In In re CBS Corporation Stockholder Class Action and Derivative Litigation, Consolidated C.A. No. 2020-0111-JRS, Kessler Topaz alleged that the merger of CBS and Viacom was unfair to CBS and its public shareholders because CBS was forced to overpay for Viacom’s declining business. Kessler Topaz alleged that the merger was the culmination of a years-long effort by Shari Redstone, who controlled both CBS and Viacom, to combine the two companies in order to save her family’s investment in the floundering Viacom as it suffered from industry headwinds due to consumers shifting away from cable television subscriptions. Ms. Redstone twice previously attempted to merge CBS and Viacom in the years leading up to the merger, but failed due to opposition by the board. Then, in 2019 after replacing a majority of directors on the CBS board, her third attempt to merge the two companies succeeded.
After the merger was announced in August 2019, Kessler Topaz quickly initiated a books and records investigation pursuant to Delaware law in order to investigate potential merger-related claims against CBS’s board of directors. After negotiations over the scope of the investigation broke down, Kessler Topaz pursued its clients’ inspection rights through a successful books and records trial. After trial, the Delaware Court of Chancery ordered CBS to turn over significant additional documents, including internal communications. Kessler Topaz analyzed the documents received and used them to craft a 118- page complaint against CBS’s board of directors in April 2020.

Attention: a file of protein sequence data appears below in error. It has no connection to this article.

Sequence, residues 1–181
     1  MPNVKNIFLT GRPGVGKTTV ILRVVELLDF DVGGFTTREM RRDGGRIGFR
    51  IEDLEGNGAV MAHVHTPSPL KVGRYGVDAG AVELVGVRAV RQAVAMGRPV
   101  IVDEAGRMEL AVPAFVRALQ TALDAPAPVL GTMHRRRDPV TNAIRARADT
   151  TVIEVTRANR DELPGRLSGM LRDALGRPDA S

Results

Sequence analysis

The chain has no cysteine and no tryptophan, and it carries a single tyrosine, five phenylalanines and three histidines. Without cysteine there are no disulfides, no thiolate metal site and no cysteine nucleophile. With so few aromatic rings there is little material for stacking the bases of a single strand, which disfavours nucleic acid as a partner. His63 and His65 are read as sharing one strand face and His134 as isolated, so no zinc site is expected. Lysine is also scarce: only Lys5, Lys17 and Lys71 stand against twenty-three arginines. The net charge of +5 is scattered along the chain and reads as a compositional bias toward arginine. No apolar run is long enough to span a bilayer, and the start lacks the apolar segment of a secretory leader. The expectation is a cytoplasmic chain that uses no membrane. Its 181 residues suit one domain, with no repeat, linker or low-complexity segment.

After successfully defeating the CBS board of directors’ and Ms. Redstone’s motions to dismiss in January 2021, the case moved into discovery and the parties prepared for trial. Kessler Topaz developed significant facts that the merger was concocted purely by Ms. Redstone and her advisors in order for CBS to bail out her failing interest in Viacom, a company comprised of a collection of cable-TV networks that was described by many as a “melting ice cube” due to the prevalence of “cord cutting.” Ms. Redstone’s hand-picked directors acquiesced to her plans, while hold-over directors from the previous board’s opposition to the merger were sidelined throughout the process and given no substantive role. And because the market widely viewed Viacom as a weaker company without significant upside prospects, CBS’s stock price plummeted in the wake of the merger announcement, costing shareholders hundreds of millions of dollars in value.
Trial in the case was set to begin in June 2023. On April 18, 2023, after extensive mediation, and after completing virtually all of fact and expert discovery, the parties reached an agreement to settle the action in exchange for a $167.5 million cash payment by defendants and their insurance policies to CBS. The settlement was structured to reimburse CBS for its overpayment for Viacom. Unlike in a class action, the settlement fund will not be distributed to CBS’s minority stockholders, because the alleged harm was to CBS, the corporation, for overpaying for Viacom.
On September 6, 2023 Vice Chancellor Sam Glasscock of the Delaware Court of Chancery approved what he called an “extraordinary” $167.5 million settlement.